Live music is the best reference to judge how good an audio system really is. I like Bruce Springsteen, Dire Straits, Doobie Brothers, Pink Floyd, Jethro Tull, Joan Armatrading, Gloria Estefan, Steely Dan and others. I have heard all of these live, some more than once. As you probably know, not one of them normally performs in concerts that are completely acoustic with no electronic assistance. So what do they REALLY sound like? Is it the sound from the speakers in concert, the sound going live to a 2-track recorder (when available), the sound at the sound engineer’s seat? Or maybe the multi-track sound in the recording studio when the LP or CD that I own was made? Is it realistic to eliminate any electronic music (electric guitar, etc.) as a reference recording unless we were present in the studio when it was recorded?
I have heard many Beethoven symphonies live, but unless I was there in the concert hall when the particular recording that I own was made, just going to live concerts, while certainly valuable and enjoyable, will not provide the reference for what I hear through my stereo system when playing a recording of a different performance of the same music than the one I attended. And then there is the whole issue of aural memory, and how accurately we can compare sonic events separated in time. This is a complex subject, but I hope I am communicating the idea that “live music” is not an easy reference point in the context of stereo system evaluation where components change frequently, and where even the time of day can alter what we hear.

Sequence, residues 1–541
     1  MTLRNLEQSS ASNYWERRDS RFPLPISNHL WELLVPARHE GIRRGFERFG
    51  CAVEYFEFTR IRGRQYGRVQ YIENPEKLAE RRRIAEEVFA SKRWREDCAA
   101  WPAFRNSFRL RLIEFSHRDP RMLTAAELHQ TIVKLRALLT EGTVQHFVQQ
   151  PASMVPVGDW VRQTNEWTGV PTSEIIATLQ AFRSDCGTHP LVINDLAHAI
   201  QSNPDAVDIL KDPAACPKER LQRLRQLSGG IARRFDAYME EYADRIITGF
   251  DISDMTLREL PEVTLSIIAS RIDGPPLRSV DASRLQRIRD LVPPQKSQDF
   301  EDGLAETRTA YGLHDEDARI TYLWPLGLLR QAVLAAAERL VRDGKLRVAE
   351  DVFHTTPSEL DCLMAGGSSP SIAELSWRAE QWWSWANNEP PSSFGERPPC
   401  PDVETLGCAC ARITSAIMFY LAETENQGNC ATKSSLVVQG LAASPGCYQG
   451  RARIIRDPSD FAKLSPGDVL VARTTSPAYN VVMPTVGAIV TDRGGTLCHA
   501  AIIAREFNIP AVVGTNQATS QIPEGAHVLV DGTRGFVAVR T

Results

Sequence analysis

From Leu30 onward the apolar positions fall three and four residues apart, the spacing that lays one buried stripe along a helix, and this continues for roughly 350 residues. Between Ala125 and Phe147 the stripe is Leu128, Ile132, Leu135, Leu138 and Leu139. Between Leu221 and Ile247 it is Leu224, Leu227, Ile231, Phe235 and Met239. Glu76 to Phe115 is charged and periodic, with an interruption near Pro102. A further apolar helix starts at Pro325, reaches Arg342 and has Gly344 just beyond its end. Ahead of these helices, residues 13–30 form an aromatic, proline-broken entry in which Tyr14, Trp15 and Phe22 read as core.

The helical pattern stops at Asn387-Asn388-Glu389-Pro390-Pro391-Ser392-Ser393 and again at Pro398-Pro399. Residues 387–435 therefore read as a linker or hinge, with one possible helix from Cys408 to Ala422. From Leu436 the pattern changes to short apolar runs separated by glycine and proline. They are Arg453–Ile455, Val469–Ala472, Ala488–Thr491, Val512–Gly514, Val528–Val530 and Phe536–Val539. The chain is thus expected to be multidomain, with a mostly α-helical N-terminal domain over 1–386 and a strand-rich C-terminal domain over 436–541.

Possibly the most valuable aspect of live, acoustic music for the evaluating the truthfulness of an audio system is the feeling one often gets of the music’s purity, sweetness, dynamics, and transparency. While it is is often difficult to recall exactly how a cymbal sounds in all its complexity and then, later, listen for that level of detail back in the listening room, we can much more easily understand if a stereo system recreates the feeling we enjoyed from a live performance.